THICK WHITE FOG, AT FIRST NOTHING VISIBLE AND THEN THROUGH
THE STIFLING HEAT the FOG IS REVEALED AS BILLOWING CLOUDS of
STEAM hanging like a blanket over a vast laundry floor with
row upon row of WOMEN washing, pressing and folding endless
linen, in continual repeat from vat to hot press to basket.
Women do not have the calmness of
temperament or the balance of mind
to exercise judgement in political
Through the rising clouds of steam, WOMEN ironing, MRS VIOLET
MILLER [early 40s] amongst them.
POLITICIAN 2 V/O
If we allow women to vote, it will
mean the loss of social structure.
Women are well represented by their
fathers, brothers, husbands.
HOUSE CROWD V/O
POLITICIAN 3 V/O
Once the vote was given, it would
be impossible to stop at this.
Women would then demand the right
of becoming MPs, cabinet ministers,
FOR DECADES WOMEN HAD PEACEFULLY CAMPAIGNED FOR EQUALITY AND
THE RIGHT TO VOTE.
THEIR ARGUMENTS WERE IGNORED.
IN RESPONSE, EMMELINE PANKHURST, LEADER OF THE SUFFRAGETTE
MOVEMENT, CALLED FOR A NATIONAL CAMPAIGN OF CIVIL
THIS IS THE STORY OF ONE GROUP OF WORKING WOMEN WHO JOINED
INT. WASHING ROOM. LAUNDRY. BETHNAL GREEN. LONDON. 1912. DAY.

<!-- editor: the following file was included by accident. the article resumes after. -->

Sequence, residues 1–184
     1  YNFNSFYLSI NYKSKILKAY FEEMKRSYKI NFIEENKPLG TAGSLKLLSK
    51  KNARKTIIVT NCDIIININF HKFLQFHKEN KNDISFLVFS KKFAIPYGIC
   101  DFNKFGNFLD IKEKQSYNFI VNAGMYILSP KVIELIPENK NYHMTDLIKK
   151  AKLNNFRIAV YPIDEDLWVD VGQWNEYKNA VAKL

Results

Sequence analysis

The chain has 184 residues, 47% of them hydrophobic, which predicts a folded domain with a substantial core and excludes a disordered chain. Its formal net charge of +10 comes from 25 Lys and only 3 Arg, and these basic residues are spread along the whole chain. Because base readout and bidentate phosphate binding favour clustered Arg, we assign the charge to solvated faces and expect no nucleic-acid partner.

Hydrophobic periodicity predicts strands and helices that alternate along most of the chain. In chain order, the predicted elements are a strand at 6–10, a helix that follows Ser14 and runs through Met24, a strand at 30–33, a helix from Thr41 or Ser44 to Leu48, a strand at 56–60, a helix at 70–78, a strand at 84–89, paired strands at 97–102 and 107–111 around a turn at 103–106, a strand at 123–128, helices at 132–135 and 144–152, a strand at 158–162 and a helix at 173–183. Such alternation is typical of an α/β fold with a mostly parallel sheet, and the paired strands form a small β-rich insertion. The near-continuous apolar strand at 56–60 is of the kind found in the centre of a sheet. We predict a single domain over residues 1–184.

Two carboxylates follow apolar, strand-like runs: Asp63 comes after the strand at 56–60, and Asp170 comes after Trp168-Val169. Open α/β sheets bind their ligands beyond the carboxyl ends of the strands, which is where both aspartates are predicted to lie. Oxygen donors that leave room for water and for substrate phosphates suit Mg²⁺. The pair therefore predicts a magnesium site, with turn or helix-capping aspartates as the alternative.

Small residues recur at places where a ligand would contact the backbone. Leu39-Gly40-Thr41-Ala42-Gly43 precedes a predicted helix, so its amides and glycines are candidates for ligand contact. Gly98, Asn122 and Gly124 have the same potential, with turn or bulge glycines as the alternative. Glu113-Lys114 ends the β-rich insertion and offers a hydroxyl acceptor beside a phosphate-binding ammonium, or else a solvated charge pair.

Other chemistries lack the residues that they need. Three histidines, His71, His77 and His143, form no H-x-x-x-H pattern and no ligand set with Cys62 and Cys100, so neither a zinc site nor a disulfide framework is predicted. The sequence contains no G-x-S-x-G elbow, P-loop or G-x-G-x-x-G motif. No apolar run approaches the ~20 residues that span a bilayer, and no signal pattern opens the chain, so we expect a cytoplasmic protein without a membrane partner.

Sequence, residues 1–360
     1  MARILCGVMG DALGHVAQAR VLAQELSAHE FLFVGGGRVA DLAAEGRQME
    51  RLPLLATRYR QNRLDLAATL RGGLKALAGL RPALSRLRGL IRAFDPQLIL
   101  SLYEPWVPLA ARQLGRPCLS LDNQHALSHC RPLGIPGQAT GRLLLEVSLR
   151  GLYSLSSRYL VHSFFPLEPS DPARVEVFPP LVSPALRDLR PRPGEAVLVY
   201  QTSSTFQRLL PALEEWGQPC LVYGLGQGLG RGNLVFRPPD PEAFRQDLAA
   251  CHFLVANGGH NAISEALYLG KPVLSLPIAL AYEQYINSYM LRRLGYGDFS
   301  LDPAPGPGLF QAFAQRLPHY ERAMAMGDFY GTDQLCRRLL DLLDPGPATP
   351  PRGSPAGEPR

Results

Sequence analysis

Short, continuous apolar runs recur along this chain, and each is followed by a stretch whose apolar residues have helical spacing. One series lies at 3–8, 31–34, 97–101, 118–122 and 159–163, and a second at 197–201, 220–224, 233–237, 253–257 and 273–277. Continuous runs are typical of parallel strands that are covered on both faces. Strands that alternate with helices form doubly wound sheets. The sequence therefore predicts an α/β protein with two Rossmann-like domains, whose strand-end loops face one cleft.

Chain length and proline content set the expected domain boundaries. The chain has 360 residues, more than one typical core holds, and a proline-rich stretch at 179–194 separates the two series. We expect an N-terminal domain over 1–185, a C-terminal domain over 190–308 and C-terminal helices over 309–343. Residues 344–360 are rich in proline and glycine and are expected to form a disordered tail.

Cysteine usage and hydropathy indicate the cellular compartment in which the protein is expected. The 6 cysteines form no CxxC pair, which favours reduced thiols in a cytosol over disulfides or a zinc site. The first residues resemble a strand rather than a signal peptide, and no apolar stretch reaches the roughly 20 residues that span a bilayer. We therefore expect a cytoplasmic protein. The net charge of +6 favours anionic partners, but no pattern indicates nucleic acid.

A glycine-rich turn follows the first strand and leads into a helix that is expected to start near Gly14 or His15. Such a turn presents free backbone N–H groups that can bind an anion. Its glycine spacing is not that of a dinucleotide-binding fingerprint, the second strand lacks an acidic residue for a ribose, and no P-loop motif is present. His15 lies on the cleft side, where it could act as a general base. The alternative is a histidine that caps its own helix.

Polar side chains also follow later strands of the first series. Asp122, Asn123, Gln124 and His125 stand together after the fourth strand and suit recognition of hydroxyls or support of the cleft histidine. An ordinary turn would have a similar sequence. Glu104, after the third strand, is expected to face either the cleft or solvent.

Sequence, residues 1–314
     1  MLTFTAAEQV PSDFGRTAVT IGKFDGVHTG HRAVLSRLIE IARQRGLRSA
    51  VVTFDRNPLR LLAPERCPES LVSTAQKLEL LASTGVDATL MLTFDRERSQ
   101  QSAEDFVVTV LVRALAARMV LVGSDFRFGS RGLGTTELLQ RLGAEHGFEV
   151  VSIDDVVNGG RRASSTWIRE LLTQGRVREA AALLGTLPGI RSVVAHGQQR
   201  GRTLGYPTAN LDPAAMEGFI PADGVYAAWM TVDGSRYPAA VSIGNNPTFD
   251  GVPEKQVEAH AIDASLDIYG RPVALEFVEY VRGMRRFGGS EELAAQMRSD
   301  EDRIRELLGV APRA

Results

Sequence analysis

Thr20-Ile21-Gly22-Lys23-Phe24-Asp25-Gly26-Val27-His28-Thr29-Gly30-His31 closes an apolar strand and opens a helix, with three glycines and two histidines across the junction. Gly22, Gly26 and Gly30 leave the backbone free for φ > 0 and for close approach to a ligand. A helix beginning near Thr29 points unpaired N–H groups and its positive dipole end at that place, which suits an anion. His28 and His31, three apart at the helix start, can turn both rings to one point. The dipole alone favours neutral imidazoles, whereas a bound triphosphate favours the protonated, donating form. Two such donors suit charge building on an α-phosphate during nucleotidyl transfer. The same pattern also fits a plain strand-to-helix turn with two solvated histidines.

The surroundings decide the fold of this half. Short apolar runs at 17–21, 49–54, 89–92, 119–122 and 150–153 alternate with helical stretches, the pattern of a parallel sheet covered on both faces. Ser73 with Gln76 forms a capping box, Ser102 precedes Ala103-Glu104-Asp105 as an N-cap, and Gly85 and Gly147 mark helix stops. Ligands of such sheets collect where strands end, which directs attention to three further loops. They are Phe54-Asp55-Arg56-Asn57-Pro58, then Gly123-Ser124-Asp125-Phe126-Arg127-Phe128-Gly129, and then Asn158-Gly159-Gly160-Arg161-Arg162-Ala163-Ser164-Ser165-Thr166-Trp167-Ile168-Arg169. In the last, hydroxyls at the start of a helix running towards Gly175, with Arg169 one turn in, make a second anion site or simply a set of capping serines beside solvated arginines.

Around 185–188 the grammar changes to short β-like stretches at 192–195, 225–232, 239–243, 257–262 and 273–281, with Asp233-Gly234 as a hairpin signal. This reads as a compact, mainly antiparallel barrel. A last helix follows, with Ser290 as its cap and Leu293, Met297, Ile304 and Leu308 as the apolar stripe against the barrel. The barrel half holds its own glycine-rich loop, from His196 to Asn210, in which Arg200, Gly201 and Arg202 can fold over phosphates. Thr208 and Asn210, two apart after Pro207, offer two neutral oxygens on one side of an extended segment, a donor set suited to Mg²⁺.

THE LOUD BELLOW of a FACTORY BELL. Women begin to file out.
MAUD WATTS [20’S] scrubs a deep washing vat, as the last
LAUNDRY WORKERS drain from the floor.
Maud - take this up to the West
MR TAYLOR [40’s] with irritation, throws a parcel at her, a
central London address clear on the front. It slams hard into
her chest, winding her a little.
It’s meant to be there by six.
MAUD nods, sweat and steam blotting her clothes.
Delivery should have picked it up.
EXT. YARD/STREET. LAUNDRY. BETHNAL GREEN. 1912. DAY.
MAUD stepping out through the iron gates of the laundry,
clearly the last to leave. She hurries off towards a waiting
BUS gripping the parcel tighter.
EXT. STREET. CENTRAL LONDON. 1912. DAY.
The SWIRL and BUSTLE of the street on the edge of closing
MAUD gets off the bus, still gripping the parcel. She weaves
her way past the human ebb and flow.
Fleeting glimpses of SHOP WINDOWS, HOTEL DOORWAYS, a DOORMAN
lets out an ELEGANT LADY, her MAID close by. Several boxes
and shopping bags alluding to an expensive shopping trip.
A STIFF BACKED NANNY, MISS WITHERS, wheels a Silver Cross
pram, a few yards behind MAUD.
MAUD crosses the street.
The SQUEAK of the pram wheel underscores.
EXT. SHOP. STREET. CENTRAL LONDON. 1912. DAY.
A WINDOW display catches MAUD’S eye, showing the peak of
fashion in 1912. A perfect family scene, mother, father and
son by the beach, all dressed in bathing suits.
ON MAUD quietly marvelling- as her eyes scan over the
display, drinking it in.
A clock overhead creeps towards 6pm.
A POST MISTRESS, MISS SAMSON stands seemingly reading a
magazine at a newspaper stall.
MISS WITHERS only inches behind MAUD now. She pulls back the
baby’s blanket to reveal... no baby, but stones. She whips a
stone out and hurls it-
VOTES FOR WOMEN!
The SHATTER of a shop window right next to MAUD. MAUD turns,
shocked and bewildered by the sudden anarchy as she ducks for
cover, clasping the parcel to her breast-
HANDS whip out stones from deep inside fur muffs. FINGERS
unfasten handbag clasps pulling out hammers, mallets, rolling